Enzed wrote:You've got oodles of material Rath.
I don't see why you can't reformat the plot into a novel. Novels sell.
Perhaps chuck in a murder - or attempted murder, by an insanely jealous / stalker type - male or female who 'followed' her on Twitterer or Facebook, and then followed her in person - and you've got a thriller.
Some of those musical instruments could be used to smuggle - whatever - a murder weapon?
Go for it - You've surely got the talent.
Thanks. I've never actually seen something like this happened, I just imagined it. I've witnessed plenty of backstage jealousies, but that's about it. I've never actually been taken into confidences, and never asked for them.
Murder? Surely not. Not even attempted! Having said that, I've witnessed loads of backbiting and backstabbing - some was even aimed at me - mainly from that prima donna, who made everyone's lives harder for a couple of years. He was a pathological liar who made up stuff to make himself look better, verbally abused some soloists and choristers too. I was relieved when he left, though I believe he was pushed. It was really too bad; he has a great voice, but a crappy personality.
No-one can smuggle a murder weapon (or anything else) inside a musical instrument. Enzed, maybe you're thinking of the old "shotgun in a violin case" business from all those Hollywood Mafia films? The truth is, a good musical instrument is often hundreds of years old, fragile, and susceptible to humidity. No-one could smuggle a weapon inside a violin - the sound holes are far too small! I suppose someone could smuggle a pistol inside a guitar, but it would ruin the guitar. No serious musician would want that - not to mention what would happen if the pistol went off while inside the guitar. Sorry to ruin that subplot!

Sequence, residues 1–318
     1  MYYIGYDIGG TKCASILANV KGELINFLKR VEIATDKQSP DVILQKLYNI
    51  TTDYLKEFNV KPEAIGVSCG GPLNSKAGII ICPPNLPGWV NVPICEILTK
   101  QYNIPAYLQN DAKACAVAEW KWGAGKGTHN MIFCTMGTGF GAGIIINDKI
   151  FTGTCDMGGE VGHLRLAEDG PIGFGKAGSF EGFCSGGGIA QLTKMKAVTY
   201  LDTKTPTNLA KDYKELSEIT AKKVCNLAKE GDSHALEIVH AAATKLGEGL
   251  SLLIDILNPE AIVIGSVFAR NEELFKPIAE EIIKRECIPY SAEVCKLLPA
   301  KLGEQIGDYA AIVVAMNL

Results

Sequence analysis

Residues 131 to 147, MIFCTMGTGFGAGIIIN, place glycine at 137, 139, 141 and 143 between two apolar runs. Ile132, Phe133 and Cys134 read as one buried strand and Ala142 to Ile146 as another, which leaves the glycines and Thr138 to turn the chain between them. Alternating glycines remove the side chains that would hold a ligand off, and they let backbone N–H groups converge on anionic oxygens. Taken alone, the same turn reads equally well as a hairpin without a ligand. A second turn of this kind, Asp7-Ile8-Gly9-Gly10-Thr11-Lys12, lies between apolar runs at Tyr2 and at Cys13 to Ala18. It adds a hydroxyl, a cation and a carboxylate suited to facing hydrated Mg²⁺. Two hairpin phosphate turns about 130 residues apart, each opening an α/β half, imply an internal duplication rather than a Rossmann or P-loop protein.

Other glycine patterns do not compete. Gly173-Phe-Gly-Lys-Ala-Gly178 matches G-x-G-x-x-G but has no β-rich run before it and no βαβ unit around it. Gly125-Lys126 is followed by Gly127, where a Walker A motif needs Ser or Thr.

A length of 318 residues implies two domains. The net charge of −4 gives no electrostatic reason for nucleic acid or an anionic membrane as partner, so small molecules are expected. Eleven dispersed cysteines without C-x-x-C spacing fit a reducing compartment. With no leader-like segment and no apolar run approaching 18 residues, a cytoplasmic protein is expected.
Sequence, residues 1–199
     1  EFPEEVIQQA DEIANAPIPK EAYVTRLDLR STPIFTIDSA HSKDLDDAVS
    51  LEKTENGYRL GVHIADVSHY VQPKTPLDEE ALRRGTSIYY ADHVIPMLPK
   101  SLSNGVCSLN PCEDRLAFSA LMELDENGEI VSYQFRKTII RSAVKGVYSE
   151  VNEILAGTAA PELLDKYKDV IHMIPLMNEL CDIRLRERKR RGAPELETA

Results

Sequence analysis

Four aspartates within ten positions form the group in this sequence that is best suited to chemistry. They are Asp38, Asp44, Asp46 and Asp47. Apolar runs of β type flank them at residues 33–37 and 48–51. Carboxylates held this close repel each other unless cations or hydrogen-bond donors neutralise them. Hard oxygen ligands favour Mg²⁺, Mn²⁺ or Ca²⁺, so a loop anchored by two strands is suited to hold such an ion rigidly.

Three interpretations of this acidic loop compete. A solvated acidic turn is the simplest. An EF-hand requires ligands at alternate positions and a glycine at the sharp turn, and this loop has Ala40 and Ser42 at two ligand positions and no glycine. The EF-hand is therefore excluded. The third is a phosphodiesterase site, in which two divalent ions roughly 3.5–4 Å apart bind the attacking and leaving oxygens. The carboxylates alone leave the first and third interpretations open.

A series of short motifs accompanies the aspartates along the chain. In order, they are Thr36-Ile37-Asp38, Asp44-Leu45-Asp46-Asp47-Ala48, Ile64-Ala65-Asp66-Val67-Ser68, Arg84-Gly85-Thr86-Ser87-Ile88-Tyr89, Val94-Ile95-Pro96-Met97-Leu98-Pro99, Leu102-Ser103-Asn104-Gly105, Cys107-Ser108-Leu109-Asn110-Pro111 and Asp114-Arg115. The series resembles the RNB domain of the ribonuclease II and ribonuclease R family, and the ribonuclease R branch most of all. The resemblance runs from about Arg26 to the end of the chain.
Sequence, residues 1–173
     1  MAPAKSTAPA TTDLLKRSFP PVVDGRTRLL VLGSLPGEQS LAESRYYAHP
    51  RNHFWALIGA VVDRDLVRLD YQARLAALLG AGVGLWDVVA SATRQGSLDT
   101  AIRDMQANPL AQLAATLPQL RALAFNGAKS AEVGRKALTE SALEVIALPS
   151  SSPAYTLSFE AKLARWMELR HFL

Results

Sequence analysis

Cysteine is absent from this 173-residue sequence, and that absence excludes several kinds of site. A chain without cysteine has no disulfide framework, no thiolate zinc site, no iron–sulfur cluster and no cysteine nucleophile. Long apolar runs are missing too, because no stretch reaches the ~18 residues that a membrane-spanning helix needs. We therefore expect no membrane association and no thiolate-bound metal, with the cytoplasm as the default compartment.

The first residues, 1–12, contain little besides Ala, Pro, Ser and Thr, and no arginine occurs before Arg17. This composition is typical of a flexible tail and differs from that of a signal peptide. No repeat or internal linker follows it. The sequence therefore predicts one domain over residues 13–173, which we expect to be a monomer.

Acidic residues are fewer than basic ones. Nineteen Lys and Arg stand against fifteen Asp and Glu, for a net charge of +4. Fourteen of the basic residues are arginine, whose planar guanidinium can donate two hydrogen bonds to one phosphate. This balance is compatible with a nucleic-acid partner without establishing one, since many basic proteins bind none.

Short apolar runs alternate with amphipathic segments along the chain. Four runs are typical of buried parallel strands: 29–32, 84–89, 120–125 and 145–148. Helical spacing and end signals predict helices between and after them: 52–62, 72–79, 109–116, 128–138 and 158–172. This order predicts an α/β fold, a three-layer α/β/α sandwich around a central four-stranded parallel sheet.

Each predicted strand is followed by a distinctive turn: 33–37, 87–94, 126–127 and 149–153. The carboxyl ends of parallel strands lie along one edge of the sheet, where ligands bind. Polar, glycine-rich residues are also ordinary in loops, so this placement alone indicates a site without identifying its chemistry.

All right, if you didn't care at all about your instrument, you might be able to shove a pistol inside a guitar. But how would you get it out again in a hurry? Not to mention, if the musician is flying, they'll scan the guitar ...
So, suppose you're a prima donna. Other than competibg with other soloists over a contract (which can be worth tens of thousands if not more - depends who you're playing with!), the other source of friction could be stage hands, who set the stage for you to act on. If you treat the stage hands right, they'll be gold. If not ... well ... they can get their revenge. There's at least one story - it may even be true - about a soprano soloist who annoyed the stage hands. Nothing they did was right. This was a performance of Puccini's "Tosca", supposedly in New York City in 1960 - true or not, I don't know.
This soprano was a pain in the neck. At the end of the opera, after she sings her final "farewell" song, she has to jump off the battlements to her "death" (though, actually, she lands on some pads or a mattress on the other side). This soprano kept whining about the pads that were supposed to cushion her fall. The stagehands couldn't put up with her any longer, and substituted the pads with a particularly springy trampoline. As Tosca sang her final words and jumped off, the audience was treated to her bouncing back into full view, several times - sometimes cursing, sometimes laughing, sometimes upside down, sometimes the right way up...
The moral is clear: if you are a prima donna, be nice to everyone!